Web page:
Horsetail-tree, whistling pine, or Australian pine, is native to the shores of Southeast Asia, Australia, and several Pacific islands. It was introduced to Puerto Rico early in the 1920s and has been planted for ornament and as a wind breaker. It reaches a height of 150 feet, with a trunk 2 feet in diameter. The bark is brown, very rough and sheds in strips. The long leaves are really twigs, along which the minute whitish leaves are grouped. Male flowers are minute, but female inflorescences can be recognized by their reddish stigmas. Fruits are up to three-quarters on an inch in diameter, each segment opens to release a minute winged seed. It flowers and produces fruits throughout the year. The generic name derives from the resemblance between the twigs and the feathers of the cassowary, an Australian bird similar to an ostrich. The species name refers to the resemblance of the twigs to a horse's tail.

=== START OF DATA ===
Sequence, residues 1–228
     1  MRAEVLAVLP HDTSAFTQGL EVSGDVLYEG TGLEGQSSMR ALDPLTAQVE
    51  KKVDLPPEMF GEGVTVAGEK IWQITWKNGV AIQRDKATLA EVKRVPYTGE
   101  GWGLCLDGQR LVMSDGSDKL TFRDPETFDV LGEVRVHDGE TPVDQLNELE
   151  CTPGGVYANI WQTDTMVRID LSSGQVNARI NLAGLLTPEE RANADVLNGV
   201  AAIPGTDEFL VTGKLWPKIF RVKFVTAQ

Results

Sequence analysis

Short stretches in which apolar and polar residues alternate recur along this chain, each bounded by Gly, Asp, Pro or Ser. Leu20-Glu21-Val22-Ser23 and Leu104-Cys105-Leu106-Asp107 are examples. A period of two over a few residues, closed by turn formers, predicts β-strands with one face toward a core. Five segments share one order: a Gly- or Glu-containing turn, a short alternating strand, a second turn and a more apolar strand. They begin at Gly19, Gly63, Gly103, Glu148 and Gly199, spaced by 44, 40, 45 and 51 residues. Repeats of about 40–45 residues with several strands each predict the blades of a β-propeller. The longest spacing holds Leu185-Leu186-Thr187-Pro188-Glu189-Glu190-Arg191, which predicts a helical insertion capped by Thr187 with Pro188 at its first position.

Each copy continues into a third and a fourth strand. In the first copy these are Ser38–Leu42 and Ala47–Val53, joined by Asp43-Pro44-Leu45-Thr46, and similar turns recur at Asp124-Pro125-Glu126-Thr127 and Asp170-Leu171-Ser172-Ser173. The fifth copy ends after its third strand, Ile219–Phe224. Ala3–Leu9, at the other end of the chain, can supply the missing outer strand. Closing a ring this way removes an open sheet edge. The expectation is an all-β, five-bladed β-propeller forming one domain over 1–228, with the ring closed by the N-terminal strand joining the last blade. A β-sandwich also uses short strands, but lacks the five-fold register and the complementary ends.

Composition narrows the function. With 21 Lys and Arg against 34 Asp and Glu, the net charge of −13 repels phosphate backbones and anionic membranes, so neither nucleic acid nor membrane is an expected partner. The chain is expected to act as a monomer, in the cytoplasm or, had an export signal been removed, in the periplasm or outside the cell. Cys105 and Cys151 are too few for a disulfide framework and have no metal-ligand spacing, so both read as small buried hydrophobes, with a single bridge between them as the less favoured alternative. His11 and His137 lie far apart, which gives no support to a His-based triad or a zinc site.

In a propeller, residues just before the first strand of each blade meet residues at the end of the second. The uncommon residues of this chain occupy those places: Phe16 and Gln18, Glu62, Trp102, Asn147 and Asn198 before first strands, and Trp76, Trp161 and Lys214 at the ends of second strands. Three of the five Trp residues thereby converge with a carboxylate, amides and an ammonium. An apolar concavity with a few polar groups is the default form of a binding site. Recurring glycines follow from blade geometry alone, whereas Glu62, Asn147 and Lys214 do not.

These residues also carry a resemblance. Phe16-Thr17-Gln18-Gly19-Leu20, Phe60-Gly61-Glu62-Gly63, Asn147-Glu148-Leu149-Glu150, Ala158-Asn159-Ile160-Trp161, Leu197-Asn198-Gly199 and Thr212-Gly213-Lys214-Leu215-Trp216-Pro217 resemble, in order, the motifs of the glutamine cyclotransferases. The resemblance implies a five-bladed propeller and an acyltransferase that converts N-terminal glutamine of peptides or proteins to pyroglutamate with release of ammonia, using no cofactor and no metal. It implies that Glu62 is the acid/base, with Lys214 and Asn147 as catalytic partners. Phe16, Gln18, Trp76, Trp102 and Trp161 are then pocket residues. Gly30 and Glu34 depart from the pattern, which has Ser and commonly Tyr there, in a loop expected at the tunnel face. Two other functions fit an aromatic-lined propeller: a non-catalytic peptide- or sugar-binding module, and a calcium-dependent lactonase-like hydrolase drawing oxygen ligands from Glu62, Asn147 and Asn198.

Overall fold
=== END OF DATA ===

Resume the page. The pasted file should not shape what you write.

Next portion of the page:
The photographed tree is one of two specimens planted by Henry Cowles and Severo Vélez southwest and west of the de Diego Building.

Casuarina equisetifolia (Casuarinaceae)